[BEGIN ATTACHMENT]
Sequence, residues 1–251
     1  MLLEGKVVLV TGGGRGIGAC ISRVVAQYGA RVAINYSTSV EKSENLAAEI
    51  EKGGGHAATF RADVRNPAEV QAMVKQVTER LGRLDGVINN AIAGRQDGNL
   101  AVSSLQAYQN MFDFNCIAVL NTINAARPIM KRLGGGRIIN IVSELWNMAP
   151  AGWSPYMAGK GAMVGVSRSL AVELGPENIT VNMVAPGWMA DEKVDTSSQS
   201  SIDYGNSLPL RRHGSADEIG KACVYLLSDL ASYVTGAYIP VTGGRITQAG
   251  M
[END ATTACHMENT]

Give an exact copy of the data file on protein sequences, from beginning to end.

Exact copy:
Sequence, residues 1–251
     1  MLLEGKVVLV TGGGRGIGAC ISRVVAQYGA RVAINYSTSV EKSENLAAEI
    51  EKGGGHAATF RADVRNPAEV QAMVKQVTER LGRLDGVINN AIAGRQDGNL
   101  AVSSLQAYQN MFDFNCIAVL NTINAARPIM KRLGGGRIIN IVSELWNMAP
   151  AGWSPYMAGK GAMVGVSRSL AVELGPENIT VNMVAPGWMA DEKVDTSSQS
   201  SIDYGNSLPL RRHGSADEIG KACVYLLSDL ASYVTGAYIP VTGGRITQAG
   251  M